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PHOTO GALLERY: 50th Annual Heart of America marathon

Monday, September 7, 2009 | 4:29 p.m. CDT; updated 7:58 p.m. CDT, Monday, September 7, 2009
Carolyn Mitchell, 72 (#39), of Lenexa, Kan., waves in triumph, with Karen Nicholson, (#167), close behind as she crosses the finish line of the 50th Annual Heart of America Marathon on Monday. Mitchell was one of the last participants to finish and had planned to run with her husband, Kent Mitchell, but he was sidelined with an injury.

The 50th Annual Heart of America marathon held Monday is considered one of the most difficult in the United States because of the heat and the grade of hills. Most competitive runners avoid it because of its potential impact on their national standings.

From left: Peggy Horner, Marie Kerl, Kate Floros, Andrea and Tom Allen track the progress of participants as they approach the finish line of the 50th Annual Heart of America marathon, on Monday. Tom Allen has helped staff the marathon for over 20 years. "I like to see the runners come in. I know what they've gone through," he said.
Karen Mills, 27, left, and Chris Bowling, 40, both of Columbia, push for the finish line of the 50th Annual Heart of America marathon on Monday. The annual marathon is considered one of the most difficult in the United States because of the heat and the grade of hills, and most competitive runners avoid it because of its potential impact on their national standings.
Boonsom Hartman, 52 of Oak Forest, Ill., receives a hug after completing the 50th Annual Heart of America marathon on Monday. Hartman, known as the "Lipstick Lady" for the fresh lipstick she applies before crossing every finish line, wore #200 in honor of her 200th marathon.
Chad Rogers, 26, of Columbia is overcome with emotion as he finishes the 50th Annual Heart of America marathon. The marathon is considered one of the most difficult in the United States with more competitive racers avoiding it because of the race's potential impact on their standings.
Darrell James, 48, left, of Corvina, Calif., and Joe Bechtold, 42, right, of Columbia relax in the cool-down tank after completing the 50th Annual Heart of America marathon on Monday. The marathon is considered one of the most difficult in the United States because of the heat and grade of many of its hills; most competitive runners skip the competition because of its potential impact on their national standings.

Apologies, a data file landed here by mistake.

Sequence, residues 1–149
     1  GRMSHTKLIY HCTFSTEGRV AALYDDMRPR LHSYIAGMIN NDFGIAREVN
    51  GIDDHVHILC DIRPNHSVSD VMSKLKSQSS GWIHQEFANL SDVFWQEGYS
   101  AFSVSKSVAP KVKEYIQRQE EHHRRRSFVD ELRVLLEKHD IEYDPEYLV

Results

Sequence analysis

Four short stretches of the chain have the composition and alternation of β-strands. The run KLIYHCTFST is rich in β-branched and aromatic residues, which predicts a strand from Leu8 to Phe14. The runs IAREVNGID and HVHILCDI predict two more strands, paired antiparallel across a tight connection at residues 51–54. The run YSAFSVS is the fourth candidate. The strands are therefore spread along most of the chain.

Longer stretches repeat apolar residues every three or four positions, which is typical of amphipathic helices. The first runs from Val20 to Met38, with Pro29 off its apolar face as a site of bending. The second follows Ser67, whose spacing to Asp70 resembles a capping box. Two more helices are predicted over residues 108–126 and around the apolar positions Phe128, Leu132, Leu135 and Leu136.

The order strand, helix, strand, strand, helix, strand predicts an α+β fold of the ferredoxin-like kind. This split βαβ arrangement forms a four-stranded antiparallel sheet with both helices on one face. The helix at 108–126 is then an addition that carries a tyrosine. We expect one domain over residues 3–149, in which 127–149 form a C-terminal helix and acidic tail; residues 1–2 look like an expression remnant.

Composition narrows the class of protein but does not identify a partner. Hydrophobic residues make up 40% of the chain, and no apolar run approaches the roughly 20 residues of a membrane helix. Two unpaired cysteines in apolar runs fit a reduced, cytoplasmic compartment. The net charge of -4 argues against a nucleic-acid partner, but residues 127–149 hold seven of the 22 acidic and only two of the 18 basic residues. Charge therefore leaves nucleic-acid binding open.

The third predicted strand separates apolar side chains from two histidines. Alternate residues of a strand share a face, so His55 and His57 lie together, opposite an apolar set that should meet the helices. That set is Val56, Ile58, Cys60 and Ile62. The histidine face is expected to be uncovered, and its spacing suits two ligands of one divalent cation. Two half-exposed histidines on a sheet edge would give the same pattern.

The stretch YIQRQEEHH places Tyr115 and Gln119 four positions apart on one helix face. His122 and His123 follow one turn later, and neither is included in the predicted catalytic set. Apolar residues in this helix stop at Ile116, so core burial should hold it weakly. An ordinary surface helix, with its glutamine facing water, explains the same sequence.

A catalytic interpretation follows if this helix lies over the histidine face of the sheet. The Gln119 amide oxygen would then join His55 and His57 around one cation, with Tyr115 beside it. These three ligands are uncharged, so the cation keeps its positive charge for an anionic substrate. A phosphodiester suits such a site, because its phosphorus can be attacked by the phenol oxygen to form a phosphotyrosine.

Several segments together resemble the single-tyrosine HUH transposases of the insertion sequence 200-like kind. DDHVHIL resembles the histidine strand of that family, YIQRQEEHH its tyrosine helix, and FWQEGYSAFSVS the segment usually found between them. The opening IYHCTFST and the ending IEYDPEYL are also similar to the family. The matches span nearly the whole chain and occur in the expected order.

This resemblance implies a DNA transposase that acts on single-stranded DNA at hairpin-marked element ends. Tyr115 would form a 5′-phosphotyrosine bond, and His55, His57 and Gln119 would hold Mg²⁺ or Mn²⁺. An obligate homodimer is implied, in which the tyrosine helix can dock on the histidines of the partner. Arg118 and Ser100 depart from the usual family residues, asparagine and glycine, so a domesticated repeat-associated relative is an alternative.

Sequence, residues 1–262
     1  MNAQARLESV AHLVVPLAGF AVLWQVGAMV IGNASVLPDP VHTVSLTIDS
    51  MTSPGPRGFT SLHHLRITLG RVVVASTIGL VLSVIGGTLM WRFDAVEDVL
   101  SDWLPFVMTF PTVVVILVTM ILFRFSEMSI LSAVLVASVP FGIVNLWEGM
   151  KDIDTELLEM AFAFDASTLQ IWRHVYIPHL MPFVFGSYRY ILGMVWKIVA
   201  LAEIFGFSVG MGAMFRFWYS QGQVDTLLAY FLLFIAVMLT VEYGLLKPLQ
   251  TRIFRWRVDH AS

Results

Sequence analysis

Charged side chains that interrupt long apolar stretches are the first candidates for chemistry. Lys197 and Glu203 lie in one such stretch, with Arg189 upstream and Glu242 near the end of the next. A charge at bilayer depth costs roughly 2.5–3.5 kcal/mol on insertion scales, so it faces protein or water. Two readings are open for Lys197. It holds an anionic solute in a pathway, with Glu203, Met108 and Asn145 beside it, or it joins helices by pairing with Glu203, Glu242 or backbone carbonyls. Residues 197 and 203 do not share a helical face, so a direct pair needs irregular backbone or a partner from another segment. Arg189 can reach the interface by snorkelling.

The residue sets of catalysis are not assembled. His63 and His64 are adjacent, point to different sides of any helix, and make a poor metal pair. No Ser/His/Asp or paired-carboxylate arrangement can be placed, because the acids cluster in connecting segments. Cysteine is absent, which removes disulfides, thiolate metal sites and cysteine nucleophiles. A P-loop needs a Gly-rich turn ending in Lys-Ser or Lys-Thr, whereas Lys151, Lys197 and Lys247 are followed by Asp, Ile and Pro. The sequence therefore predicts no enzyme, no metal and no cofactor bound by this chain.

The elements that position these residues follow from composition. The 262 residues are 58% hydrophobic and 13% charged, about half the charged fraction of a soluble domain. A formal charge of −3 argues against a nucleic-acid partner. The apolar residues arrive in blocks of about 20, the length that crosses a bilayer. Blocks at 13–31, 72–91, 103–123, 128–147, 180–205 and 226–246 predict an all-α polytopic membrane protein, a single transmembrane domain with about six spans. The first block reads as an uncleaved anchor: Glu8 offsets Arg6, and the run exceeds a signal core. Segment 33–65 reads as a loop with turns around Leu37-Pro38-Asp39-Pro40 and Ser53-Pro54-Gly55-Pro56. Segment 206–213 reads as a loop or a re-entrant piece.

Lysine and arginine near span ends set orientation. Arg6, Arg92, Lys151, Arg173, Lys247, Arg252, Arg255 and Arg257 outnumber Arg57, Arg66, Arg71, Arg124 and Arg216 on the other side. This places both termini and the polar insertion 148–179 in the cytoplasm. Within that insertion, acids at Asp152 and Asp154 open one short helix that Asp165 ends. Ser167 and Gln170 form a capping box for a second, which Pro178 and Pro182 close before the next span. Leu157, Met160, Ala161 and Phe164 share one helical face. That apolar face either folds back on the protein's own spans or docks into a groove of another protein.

Rick Roeber, 53, also known as Barefoot Rick, shows his foot as he relaxes in the cool-down pool after completing the 50th Annual Heart of America marathon on Monday. Roeber has run in many marathons without shoes since October 2003, including the Boston Marathon.
Medals, Gatorade and water await the runners who complete the 50th Annual Heart of America marathon, on Monda. Most runners prefer water because it's not as sweet, said Carl Schulte. Schulte, whose parents were founding members of the Columbia Track Club, flew in from Irvine, Calif., to volunteer for the race and has been part of the race for about 38 years.
Jay Giddings, 35, kisses his fiancee, Julie Hochwender, after completing the 50th Heart of America marathon on Monday. The couple became engaged when Giddings stopped and proposed at the bottom of Easley Hill during last year's race. They plan to marry in July of 2010.
Newell Kitchen, 50, of Columbia rests after completing the 50th Annual Heart of America marathon on Monday. The Heart of America marathon is considered one of the most difficult in the United States because of the weather and some of the inclines during the race.
Bekkie Wright, 46, does a cartwheel across the finish line of the 50th Annual Heart of America marathon on Monday. Wright and Joseph Poliquin, 57, traveled from East Hartford, Conn., to participate in the race, one of the most grueling in the United States.

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